Why the US Needs to Make Nice with Pakistan


Zafar Aziz Chaudhry

America has used Pakistan when it suited her agenda and then tossed it away when found inconvenient

Imran Khan’s PTI fought the recent by-election on an anti-American narrative that due to an international conspiracy, some members of PTI were bribed at the behest of the US to retract support from his party. This was said to ensure that Khan’s government could lose the majority in the parliament and thus lose the government. Thus, due to the retraction of a few members, the no-confidence motion was carried out amidst a parliamentary fiasco. Resultantly, Imran Khan was thrown out of the government. This gave rise to a bitter campaign by Imran Khan and his PTI against the US for hatching a conspiracy against his government and bringing his downfall. Thus, he fought the by-election on anti-American sentiments by inciting a hate campaign against the US and scored a massive victory in the by-elections. This so-called conspiracy was allegedly based on a document written by a US official, but Pakistan’s top security body rejected Imran Khan’s allegation. Since the anti-American allegation was levelled at the national level, it has become necessary that Pak-American ties of the past may be reviewed.
The history of the Pakistan-US relationship has been generally a matter of smooth sailing for only brief periods, and is, mostly a story of tragedy and tormented relationships. Right from Pakistan’s inception, their relations were good in that the US kept providing massive military aid to Pakistan (between 1948 and 2016, Pakistan received nearly US$78.3 billion annually in military aid from the US). In the mid-fifties, Pakistan became a member of the southeast treaty organization in 1954 and signed the Baghdad pact in 1955 (later CENTO). Pakistan formally left SEATO in 1973, because the organization had failed to provide its assistance in the ongoing conflict with India.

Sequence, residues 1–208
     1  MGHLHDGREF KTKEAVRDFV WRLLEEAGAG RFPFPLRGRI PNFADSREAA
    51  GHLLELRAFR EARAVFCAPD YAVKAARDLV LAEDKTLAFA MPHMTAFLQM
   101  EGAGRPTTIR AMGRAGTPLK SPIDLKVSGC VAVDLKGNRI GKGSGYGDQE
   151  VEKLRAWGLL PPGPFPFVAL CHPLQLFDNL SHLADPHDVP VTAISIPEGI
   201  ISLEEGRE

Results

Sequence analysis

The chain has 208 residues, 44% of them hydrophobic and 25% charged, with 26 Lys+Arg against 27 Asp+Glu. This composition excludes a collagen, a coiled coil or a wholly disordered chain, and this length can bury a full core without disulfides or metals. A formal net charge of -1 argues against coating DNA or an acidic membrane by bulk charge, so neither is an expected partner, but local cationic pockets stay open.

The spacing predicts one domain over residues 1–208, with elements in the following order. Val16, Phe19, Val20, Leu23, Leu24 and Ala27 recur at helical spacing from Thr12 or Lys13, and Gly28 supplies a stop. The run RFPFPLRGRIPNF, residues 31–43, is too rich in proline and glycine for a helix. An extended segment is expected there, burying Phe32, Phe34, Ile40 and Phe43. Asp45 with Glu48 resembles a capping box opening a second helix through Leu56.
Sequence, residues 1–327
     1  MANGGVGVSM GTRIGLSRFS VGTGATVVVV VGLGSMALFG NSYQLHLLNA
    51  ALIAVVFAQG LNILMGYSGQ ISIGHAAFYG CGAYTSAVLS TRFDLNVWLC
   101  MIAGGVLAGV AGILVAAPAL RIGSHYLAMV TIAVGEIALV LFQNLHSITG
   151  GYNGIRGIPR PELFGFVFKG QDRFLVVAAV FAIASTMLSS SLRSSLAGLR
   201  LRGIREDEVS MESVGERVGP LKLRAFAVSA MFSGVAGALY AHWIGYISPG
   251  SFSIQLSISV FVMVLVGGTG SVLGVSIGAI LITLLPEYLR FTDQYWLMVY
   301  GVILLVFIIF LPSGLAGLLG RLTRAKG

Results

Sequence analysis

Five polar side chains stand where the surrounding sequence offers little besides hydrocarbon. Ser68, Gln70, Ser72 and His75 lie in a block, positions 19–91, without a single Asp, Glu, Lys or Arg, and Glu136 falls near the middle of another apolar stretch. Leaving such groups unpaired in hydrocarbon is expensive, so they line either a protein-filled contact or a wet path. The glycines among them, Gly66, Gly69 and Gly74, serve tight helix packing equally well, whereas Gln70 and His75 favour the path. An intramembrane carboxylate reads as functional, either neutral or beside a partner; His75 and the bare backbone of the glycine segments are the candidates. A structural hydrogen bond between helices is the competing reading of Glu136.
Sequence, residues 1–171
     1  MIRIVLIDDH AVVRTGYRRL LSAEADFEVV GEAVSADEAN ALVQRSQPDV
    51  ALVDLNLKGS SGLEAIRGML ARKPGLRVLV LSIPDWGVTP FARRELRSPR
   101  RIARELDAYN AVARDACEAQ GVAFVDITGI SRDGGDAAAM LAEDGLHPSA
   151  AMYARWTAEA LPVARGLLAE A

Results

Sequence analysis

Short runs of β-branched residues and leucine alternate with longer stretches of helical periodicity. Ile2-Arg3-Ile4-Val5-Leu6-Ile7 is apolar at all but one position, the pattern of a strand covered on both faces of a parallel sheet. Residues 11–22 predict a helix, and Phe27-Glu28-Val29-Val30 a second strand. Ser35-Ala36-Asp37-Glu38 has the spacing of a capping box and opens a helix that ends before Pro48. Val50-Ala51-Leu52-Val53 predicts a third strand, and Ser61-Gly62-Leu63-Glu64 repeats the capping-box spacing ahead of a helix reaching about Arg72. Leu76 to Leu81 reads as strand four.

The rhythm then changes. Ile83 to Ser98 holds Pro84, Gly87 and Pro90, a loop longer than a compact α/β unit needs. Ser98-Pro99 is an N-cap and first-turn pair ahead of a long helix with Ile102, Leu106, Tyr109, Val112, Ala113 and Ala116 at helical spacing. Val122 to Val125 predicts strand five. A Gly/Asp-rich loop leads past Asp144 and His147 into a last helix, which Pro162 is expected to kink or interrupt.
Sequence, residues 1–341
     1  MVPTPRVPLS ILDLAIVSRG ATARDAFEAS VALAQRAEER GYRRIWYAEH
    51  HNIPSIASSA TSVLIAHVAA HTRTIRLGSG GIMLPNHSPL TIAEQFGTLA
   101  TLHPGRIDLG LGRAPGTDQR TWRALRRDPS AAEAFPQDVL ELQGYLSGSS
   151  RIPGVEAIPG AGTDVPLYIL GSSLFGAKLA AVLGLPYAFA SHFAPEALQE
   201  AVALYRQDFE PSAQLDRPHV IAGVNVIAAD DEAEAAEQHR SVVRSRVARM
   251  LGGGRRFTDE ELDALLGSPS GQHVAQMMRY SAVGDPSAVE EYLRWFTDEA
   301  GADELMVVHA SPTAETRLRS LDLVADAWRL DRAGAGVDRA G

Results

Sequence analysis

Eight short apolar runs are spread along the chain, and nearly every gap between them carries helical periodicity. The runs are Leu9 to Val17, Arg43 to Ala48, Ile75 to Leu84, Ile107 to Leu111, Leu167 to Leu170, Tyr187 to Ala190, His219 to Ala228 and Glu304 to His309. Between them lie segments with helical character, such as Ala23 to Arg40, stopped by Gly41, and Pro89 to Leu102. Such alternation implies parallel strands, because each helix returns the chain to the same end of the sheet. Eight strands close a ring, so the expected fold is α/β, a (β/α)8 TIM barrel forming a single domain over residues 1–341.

During the rule of Ayub Khan, Pakistan enjoyed a close relationship with the US, and Ayub Khan granted permission to the US to fly its first spy missions to the Soviet Union from the Peshawar Air Base. During the Indo-Pakistani War of 1965, America played a neutral role and brought a truce between Pakistan and India at Tashkent. However, the people of Pakistan became disillusioned with American support. America’s refusal to provide military support to Pakistan generated widespread anti-American sentiments in Pakistan that the US was no longer a reliable ally.
During President L B Johnson’s rule, both countries enjoyed cordial relations, but America maintained neutrality on border disputes between Pakistan and India, which pushed Pakistan closer to Communist China and India closer to the Soviet Union. The Indo-Pakistani War of 1971 disintegrated Pakistan by creating Bangladesh. America sent its Seventh Fleet into the Indian Ocean as a warning to India to resist escalating attacks against West Pakistan. However, the relations between the two countries remained normal.
Bhutto’s socialist ideas favoured the communist ideas but never actually allied with communism. Under Bhutto, Pakistan became a member of Non-Aligned Countries, building closer ties with the Soviet bloc. The socialist leanings of Bhutto’s government badly upset the US.
During those days, India had tested its nuclear device. Against all opposition to the Western block, Bhutto authorized the construction of Chagai weapon-testing laboratories. The atomic bomb project became fully mature in 1978, and the first cold test was conducted in 1983. But the domestic events took an ugly turn, and Bhutto was hanged in 1979 for the murder of a private individual.
During General Zia’s rule, the Soviet Union invaded Afghanistan and established its puppet Rule there. This prompted the US to promote ties with Pakistan at their maximum and pumped billions of dollars of economic and military aid to Pakistan. This resulted in the defeat of The Soviet regime. With US assistance, in the largest covert operation in history, Pakistan armed and supplied anti-Soviet fighters in Afghanistan.